- The word “nitwit.”
- Reading about con artists. Steering clear of the exact recipe for remaining a horrible person forever. Finding lessons about dealing with Nazis in books as different as Steve Silberman’s Neurotribes and Sarah Bakewell’s At the Existentialist Cafe.
- Turning to poems. Maggie Smith, “Good Bones.” Philip Larkin, “The Mower.” Allen Ginsberg’s “America.” Emily Dickinson’s “We Grow Accustomed to the Dark.”
- The work of Ursula Franklin. The Real World of Technology. The Ursula Franklin Reader: Pacifism as A Map. Her idea of society as a potluck supper—we all bring our best dish.
- Garry Shandling saying, before he died, that America needs to hit rock bottom. Morris Berman’s bleak trilogy about the crumbling of the American empire: The Twilight of American Culture, Dark Ages America, and Why America Failed. The future politician at the playground shouting “This is my territory!” but it sounded like “This is my terror tree!”
- Taylor Swift summing it all up: “I would very much like to be excluded from this narrative, one that I have never asked to be a part of.”
- Turning your eyes into a sewage treatment plant. Finding inspiration in mundane retail spaces. Pee-Wee Herman on his favorite Walgreens. Andrew Bird on finding inspiration in Costco. Zan McQuade on how to learn to love the mall. Fast food joints as third spaces.
- Good albums. Finally getting that Frank Ocean record. Solange’s A Seat At The Table. Lambchop, FLOTUS. Frank Sinatra, In The Wee Small Hours. Brian Eno, Before and After Science. Leonard Cohen, You Want It Darker. Chance The Rapper’s Coloring Book on a flight to Chicago.
- The Ohio Players.
- Ali Wong: “I don’t want to lean in, I want to lie down.”
- Chappell Ellison’s weekly twitter roundups, her Cartoon GIFs twitter, and epic thread of her favorite Vine videos.
- Being completely sucked into the voice of Marilynne Robinson’s novel Gilead. Her interview with the president.
- Good TV. Atlanta. The Americans. Mozart in the Jungle. Fleabag. Silicon Valley. Soundbreaking. Fargo. Catastrophe. Better Call Saul. OJ Simpson: Made in America. The Night Manager. Chef’s Table France. The Great British Baking Show.
- The Longform podcast.
- Moonlight. Getting out of bed to take a leak and seeing the moon out the bathroom window. The moon through binoculars. Can, “Moonshake.” Looking up at the stars as often as possible. Watching meteor showers in the courtyard. Looking for the moon, and my son saying, “The moon isn’t awake yet.” My son seeing the supermoon and saying, “Papa, the moon looks like the sun is shining!”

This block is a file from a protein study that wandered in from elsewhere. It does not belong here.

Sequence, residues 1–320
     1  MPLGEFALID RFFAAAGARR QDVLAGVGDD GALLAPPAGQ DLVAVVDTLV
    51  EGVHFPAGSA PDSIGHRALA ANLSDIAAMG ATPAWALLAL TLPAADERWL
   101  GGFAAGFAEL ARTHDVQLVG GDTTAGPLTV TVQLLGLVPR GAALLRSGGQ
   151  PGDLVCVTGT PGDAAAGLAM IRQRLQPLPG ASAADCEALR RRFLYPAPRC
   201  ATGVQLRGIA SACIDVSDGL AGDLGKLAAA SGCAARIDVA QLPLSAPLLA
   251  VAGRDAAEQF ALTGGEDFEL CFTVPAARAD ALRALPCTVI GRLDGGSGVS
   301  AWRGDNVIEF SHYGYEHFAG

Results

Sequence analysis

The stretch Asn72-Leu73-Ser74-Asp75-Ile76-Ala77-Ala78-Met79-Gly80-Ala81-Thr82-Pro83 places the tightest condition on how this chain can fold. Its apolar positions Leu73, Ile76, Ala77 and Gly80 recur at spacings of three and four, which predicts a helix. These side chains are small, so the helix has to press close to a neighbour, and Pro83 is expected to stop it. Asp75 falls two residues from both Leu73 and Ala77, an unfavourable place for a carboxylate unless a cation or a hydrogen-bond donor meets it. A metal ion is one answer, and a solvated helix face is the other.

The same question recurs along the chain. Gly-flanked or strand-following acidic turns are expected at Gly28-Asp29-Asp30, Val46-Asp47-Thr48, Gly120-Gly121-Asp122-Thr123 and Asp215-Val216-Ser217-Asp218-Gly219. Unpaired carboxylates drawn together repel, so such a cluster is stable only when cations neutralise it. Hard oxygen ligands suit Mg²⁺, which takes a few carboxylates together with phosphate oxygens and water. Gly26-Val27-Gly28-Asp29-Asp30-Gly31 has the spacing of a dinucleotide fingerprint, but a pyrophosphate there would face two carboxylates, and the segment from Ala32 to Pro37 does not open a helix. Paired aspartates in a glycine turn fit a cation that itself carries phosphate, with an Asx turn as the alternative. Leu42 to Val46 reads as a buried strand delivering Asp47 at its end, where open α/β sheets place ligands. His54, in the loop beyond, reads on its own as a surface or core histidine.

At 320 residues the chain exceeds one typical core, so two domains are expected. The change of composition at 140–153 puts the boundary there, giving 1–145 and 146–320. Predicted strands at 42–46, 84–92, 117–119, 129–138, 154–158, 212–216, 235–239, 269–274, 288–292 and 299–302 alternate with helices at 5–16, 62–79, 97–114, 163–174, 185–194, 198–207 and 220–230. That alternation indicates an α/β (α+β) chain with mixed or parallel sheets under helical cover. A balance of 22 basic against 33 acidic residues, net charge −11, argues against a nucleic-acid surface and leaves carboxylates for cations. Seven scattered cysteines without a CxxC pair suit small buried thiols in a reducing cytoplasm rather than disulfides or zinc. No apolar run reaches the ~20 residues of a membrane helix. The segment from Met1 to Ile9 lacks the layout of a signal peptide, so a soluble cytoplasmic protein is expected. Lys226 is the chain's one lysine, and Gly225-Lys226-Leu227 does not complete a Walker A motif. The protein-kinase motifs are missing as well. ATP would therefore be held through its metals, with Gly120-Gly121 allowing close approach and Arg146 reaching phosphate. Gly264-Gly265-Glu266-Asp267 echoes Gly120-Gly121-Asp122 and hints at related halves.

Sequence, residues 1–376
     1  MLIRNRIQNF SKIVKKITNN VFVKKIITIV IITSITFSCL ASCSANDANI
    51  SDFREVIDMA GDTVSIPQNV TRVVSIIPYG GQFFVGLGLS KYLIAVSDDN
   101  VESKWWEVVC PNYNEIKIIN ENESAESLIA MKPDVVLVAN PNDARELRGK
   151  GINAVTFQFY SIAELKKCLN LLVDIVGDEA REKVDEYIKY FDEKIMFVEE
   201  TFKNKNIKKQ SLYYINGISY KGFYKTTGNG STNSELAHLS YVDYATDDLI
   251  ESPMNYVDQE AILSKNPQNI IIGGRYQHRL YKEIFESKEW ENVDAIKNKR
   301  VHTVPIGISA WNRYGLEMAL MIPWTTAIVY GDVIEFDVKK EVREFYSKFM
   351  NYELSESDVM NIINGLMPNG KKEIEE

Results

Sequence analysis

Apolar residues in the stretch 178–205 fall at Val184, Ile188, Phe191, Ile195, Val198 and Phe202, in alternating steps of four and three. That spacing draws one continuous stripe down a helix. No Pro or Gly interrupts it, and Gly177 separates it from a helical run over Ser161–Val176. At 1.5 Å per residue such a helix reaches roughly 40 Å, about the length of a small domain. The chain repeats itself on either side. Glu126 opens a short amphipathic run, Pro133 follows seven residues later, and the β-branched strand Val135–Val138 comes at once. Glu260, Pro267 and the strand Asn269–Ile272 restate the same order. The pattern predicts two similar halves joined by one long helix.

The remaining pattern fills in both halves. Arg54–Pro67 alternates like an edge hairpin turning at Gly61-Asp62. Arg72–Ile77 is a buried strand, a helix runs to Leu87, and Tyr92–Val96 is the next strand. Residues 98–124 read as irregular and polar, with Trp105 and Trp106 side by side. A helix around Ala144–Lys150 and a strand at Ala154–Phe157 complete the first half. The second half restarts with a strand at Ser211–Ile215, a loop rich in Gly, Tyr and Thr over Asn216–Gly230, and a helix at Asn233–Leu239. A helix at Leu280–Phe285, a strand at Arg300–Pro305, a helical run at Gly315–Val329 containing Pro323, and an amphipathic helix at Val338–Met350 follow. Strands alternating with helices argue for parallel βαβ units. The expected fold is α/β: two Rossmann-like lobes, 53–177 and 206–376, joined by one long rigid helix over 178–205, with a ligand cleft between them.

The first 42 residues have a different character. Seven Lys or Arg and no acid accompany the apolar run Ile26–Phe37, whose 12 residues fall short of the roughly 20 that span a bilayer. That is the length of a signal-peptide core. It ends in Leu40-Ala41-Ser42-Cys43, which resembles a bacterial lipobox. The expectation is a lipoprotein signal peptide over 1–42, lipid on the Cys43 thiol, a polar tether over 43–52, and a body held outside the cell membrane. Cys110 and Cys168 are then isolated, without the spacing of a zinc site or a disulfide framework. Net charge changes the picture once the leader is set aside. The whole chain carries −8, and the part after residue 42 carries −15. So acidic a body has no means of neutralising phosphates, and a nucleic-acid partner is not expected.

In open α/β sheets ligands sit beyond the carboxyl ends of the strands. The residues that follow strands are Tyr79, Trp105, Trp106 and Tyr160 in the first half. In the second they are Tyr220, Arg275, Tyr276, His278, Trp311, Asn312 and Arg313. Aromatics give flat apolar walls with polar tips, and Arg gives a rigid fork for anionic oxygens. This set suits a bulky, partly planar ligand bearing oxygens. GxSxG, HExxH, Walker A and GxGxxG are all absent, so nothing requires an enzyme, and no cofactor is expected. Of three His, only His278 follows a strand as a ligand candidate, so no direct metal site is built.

- All the other beautiful, grumpy, wacky things my son said. The musical threats. “I’m gonna put a bow on you and string you like a violin.” “I am going to beat you like a percussion instrument.” The insults. “You got a big ole butt!” The exclamations. “Electricity is coming out of my penis!” “I used that rock as a toilet!” The complaints. “I can’t walk. I’m out of walking steps.” “I don’t like sunscreen. I don’t like anything.” “I want to fight this drawing.” “We’re not going anywhere today all the places are closed.” “No tub time! I’m working on my book.” “Get out of here! Leave me alone! No talking during the symphony!” “I want to go back in the house. My music is killing me.” The observations. “The toilet in the lunch store was not so loud.” “This place smells delicious!” “I don’t like the grocery, but I like Papa’s studio.” “Mama, I have an idea in my head!” “Harmonicas are in the woodwind section, papa.” “Thunder sounds like kettle drums.” Seeing his first remote-controlled car: “You move it without your hands!” Seeing an old movie: “The pictures are black and white and silver—not colored in.” Training him to say, when he sees an ad on TV, “They’re trying to sell us something.” The time he said, “I want to disappear!” and my wife said, “Join the club!” The time I played him “777-9311” and he said, “Is this jazz music?” The time I asked him if he thought Beethoven drove a pickup truck, and he said, “No, he just played the piano.” The time I asked him if he wanted to go to the fire station and the candy store and the bookstore and he said, “No, papa, there is work to do.” The time I asked him if he had a good morning and he said, “The morning is still going.”